For six weeks, winter before last, Floyd W. Carlson, chief helicopter test pilot for the Bell company, flew a helicopter home every night and to work every morning. He landed in his front yard and left the machine parked out in the weather. He didn't miss a day despite sleet, rain and snow. That seemed to dispose of the theory that under icing conditions a man who took a helicopter aloft was a candidate for slow music and flowers.

One company figures that any airport-to-post office mail run that takes a truck 30 minutes can be negotiated by a shuttle helicopter in a maximum of five minutes.

Kellett XR-8, Army machine. has intermeshing rotors. Its 245-hp. Franklin engine is behind pilot.

Sikorsky's helicopters capped a series of extraordinary performances in the war with peacetime records. One of the big ones built for the Army carried 18 persons a short distance off the ground. It also flew a height of more than 21,000 feet and made 114.6 miles an hour in level flight.

Problems in helicopter design remain. A helicopter does things that baffle even the best of the engineers. That is understandable. Less than a quarter of one percent of the engineering spent on perfecting the airplane has been expended on the helicopter. It is about where the automobile was in 1905. It must develop not only greater efficiency but also more speed, more stability - the kind that permits a motorist to take his hands off the wheel momentarily at 50 miles an hour - and less vibration.

Efficiency is improving. The earliest helicopters barely were able to stagger off the ground. Today's carry a "disposable load" - fuel, passengers and baggage - of a fourth of their gross weight. The disposable load of an airplane varies from a third to nearly a half of the gross weight.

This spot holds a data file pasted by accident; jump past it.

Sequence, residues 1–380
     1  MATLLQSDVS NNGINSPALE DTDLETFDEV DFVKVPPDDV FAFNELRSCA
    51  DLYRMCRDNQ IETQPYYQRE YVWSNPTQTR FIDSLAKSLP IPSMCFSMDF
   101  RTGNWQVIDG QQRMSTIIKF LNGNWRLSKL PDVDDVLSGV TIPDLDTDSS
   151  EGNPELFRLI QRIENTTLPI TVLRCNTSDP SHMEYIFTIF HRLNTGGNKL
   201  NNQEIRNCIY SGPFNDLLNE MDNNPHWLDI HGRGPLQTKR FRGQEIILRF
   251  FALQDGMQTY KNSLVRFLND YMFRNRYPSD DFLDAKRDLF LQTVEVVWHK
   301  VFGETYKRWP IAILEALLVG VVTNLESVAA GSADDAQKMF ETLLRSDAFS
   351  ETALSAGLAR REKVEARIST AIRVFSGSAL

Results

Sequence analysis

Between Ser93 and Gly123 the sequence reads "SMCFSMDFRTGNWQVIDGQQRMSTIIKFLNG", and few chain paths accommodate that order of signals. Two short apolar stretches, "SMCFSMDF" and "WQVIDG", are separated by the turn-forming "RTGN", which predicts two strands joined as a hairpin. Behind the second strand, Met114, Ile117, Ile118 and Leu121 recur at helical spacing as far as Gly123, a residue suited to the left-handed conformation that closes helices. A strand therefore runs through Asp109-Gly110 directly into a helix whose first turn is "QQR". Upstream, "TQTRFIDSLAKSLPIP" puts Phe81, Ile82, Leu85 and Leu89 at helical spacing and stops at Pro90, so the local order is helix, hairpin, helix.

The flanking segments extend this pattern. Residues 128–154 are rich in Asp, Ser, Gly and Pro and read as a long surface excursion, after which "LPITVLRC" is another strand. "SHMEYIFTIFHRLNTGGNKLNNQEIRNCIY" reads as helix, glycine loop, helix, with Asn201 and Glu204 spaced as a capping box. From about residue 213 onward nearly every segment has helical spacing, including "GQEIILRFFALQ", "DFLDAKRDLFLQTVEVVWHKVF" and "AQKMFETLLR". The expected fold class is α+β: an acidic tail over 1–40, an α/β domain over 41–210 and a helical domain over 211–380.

Stability is improving. By using a stabilizing bar working on the gyroscopic principle, plus a two-bladed "teeter-totter" rotor that obviates flap hinges at the blade roots, Bell has proved that stability can be increased and vibration decreased.

The assorted rotor combinations being used by the 51 U. S. companies and individuals making helicopters or experimenting with them show (in drawings at bottom of pages 84-87) that the designers are wallowing in a sea of undigested research. They know they must simplify the rotor systems to cut cost and make servicing easier. They know they are not getting enough lift out of their blades. They know that jet-propelled blades would solve many of their problems at one fell swoop. Jet propulsion, whirling a rotor just as water whirls a lawn sprinkler, automatically would dispose of torque. Torque does not develop unless power is applied directly to the rotor. But jet reaction applied to helicopters is exceptionally wasteful of power.

One-place "Roteron's" 25-hp. motor is mounted between coaxial rotors.

What the helicopter people would like most to know right now is what rules are going to govern helicopter flight. If helicopters are forbidden to land in midtown, their usefulness will be cut in half. That's where helicopters shine - doing things that airplanes can't.